Four Donors Give $100,000 to Brandeis University for Laboratories
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Four Donors Give $100,000 to Brandeis University for Laboratories

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Four Jewish philanthropists, all from the Greater Boston area, have contributed $25,000 each for the construction of four chemistry laboratories at Brandeis University here, it was announced here today The donors are Ollie A. Cohen, Jacob E. Margolis, Morey Hirsch, and Frank Brezniak.

The laboratories will be housed in one of two chemistry buildings in the quadrangle, which is expected to be completed by the summer of 1965. Also to be constructed in the quadrangle are three physics buildings, two biochemistry buildings, a mathematics building, a biology building and a science library. of our pastoral duties, we remind the Council that the declaration is inopportune; We ask that it either be dropped or included only among the acts of the Council.”


The Vatican’s press spokesman reported that only one or two among the 2, 500 fathers in the Council applauded Cardinal Tappuni. Bue he was answered immediately by Cardinal Lienart. “Although the opportunity for the declaration is being contested because of political tensions, ” said Cardinal Lienart, “it has no political implications. It should be kept as it is because it has ecumenical and pastoral purposes.

“If we want to appeal to all Christians we cannot forget that Judaism is the origin of all Christian churches, that it has formed them. We are all sons of Abraham. We have in common the Old Testament and the history of salvation up to Jesus, Who chose to be a Jew–and so were His mother and the apostles. Therefore, we must treat the Jews with reverence.”

“It is pastoral duty to state the truth about this matter. Saint Peter and Saint Paul did not consider the Jews as lost people, since they had received God’s promise–and God maintains them. Applying this in practice, let us avoid everything that could be interpreted that we consider Jews as ‘blamed’ people. Let us not say that they are ‘deicides.’

He concluded by referring to the Council of Trent, which had “stated clearly that Jesus died for the sins of mankind and that it was all the sinners in the world who killed Him. ” He said he would bring in proposals for amendments of the draft declaration in writing.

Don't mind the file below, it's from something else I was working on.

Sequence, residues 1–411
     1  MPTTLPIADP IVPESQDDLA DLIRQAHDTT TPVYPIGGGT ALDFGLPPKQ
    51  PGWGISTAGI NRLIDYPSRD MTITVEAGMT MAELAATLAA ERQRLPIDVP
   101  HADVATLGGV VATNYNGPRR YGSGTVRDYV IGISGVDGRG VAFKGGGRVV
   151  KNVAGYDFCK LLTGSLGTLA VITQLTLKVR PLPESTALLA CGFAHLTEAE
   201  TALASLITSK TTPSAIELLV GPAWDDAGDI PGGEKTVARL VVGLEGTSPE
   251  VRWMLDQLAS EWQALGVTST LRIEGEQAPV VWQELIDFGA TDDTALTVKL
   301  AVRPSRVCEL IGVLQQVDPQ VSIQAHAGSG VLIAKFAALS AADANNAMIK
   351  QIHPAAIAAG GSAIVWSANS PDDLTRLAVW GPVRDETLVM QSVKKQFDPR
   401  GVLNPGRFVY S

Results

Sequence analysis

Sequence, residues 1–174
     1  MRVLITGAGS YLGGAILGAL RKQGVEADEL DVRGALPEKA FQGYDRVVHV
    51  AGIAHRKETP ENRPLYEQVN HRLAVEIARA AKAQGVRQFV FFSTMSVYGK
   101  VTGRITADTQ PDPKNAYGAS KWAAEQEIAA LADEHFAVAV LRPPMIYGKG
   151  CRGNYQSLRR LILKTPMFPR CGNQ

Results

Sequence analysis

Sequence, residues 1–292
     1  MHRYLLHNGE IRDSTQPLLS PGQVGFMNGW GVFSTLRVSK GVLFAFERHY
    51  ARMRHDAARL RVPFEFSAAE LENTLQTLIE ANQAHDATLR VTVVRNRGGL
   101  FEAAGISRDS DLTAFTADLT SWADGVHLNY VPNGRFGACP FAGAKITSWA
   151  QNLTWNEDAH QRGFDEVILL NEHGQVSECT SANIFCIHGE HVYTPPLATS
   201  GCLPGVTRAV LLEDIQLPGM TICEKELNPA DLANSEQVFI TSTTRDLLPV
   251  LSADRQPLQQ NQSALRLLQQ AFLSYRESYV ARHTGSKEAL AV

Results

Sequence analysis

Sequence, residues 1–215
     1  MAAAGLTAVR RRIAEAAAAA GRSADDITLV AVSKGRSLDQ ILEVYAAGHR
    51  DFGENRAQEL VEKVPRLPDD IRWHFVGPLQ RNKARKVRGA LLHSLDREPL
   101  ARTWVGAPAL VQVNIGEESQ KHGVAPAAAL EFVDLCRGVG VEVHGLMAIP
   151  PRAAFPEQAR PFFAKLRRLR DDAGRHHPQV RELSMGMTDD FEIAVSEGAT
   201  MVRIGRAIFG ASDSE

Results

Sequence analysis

A contrary view was expressed by Cardinal Ruffini, archbishop of Palermo, Italy, one of the leaders of the conservative bishops opposing absolution of the Jews from the deicide charge. He said he also opposed calling the Jews “deidices, ” since “God cannot be put to death. ” “However, ” he continued, “the Jews also should love Christ. Jews also should be reminded to love Christians, and this has not always been so in the past. ” He then charged that Talmudic texts “inculcate contempt for all non-Jews.”

At a press conference this afternoon, Msgr. John Oesterreicher, an American theolotian acting as an advisor to the Council, pointed out that “there are many and very controversial opinions discussed in the Talmud, ” rejecting Cardinal Ruffini’s Talmudic interpretation by implication. In general, it was reported, Cardinal Ruffini’s comments–especially his interpretation of the Talmud–caused cardinals considerable surprise among the Council Fathers.

The bishop from Palermo was followed by another Italian, Cardinal Lercaro, who took an opposite point of view. The basic reason for the need of a declaration on relations with Jews, he stated, “has nothing to do with the last war, nor with any humanitarian nor with any political motivation. Its cause is purely religious and spiritual, and comes from within the Church that is looking deeper into herself now and into her essential mystery.”


In voicing his request for the complete absolution of Jews of the blame for the Crucifixion of Jesus, Cardinal Cushing told the Council: “Christ died freely for all men because of the sins of all men–Jews and Gentiles alike–whom all had crucified and are still crucifying. We must condemn every attempt to justify hatred, to justify inequities and persecutions as Christian actions.

“We have all seen in our times the evil fruit of such attempts. No Christian theological or historical reason implies hatred, inequities or persecution of Jews. We should really think whether it would not be just to confess humbly before the world that Christians have often failed to live up to Christ in their relations with Jews.

“In this age of ours, how many Jews have suffered and died because of indifference, because of silence. There is no need to enumerate the crimes committed in our times against them. If not many Christian voices were lifted in recent years against this great injustice, let our voices humbly cry out now, ” the Boston cardinal urged.

Cardinal Ritter told the Council he greets the declaration on relations with Jews “with joy. ” “It is an opportunity, ” he said, “to repair the injustices of the past centuries. Last year’s text is better than the one before us now because the newer version has several weaknesses. Its style recognizes apparently only halfheartedly or close relations (with Jews) and our common patrimony. It has certain omissions and ambiguities; in some places, what is not said is more eloquent than what it does say.”

Cardinal Leger, of Montreal, told the Council that the importance of the declaration on Jews “should be obvious to all.” The Council, he said, must make it clear it is not speaking only of Jews today but of Jews as such everywhere, in space and in time.”

Today’s strong endorsement of a fresh stand on the declaration, bringing it closer to the Bea version of last winter, was presaged by Bea himself last Friday, when he introduced the subject before the Council. He made it clear he wanted revisions of the latest draft.

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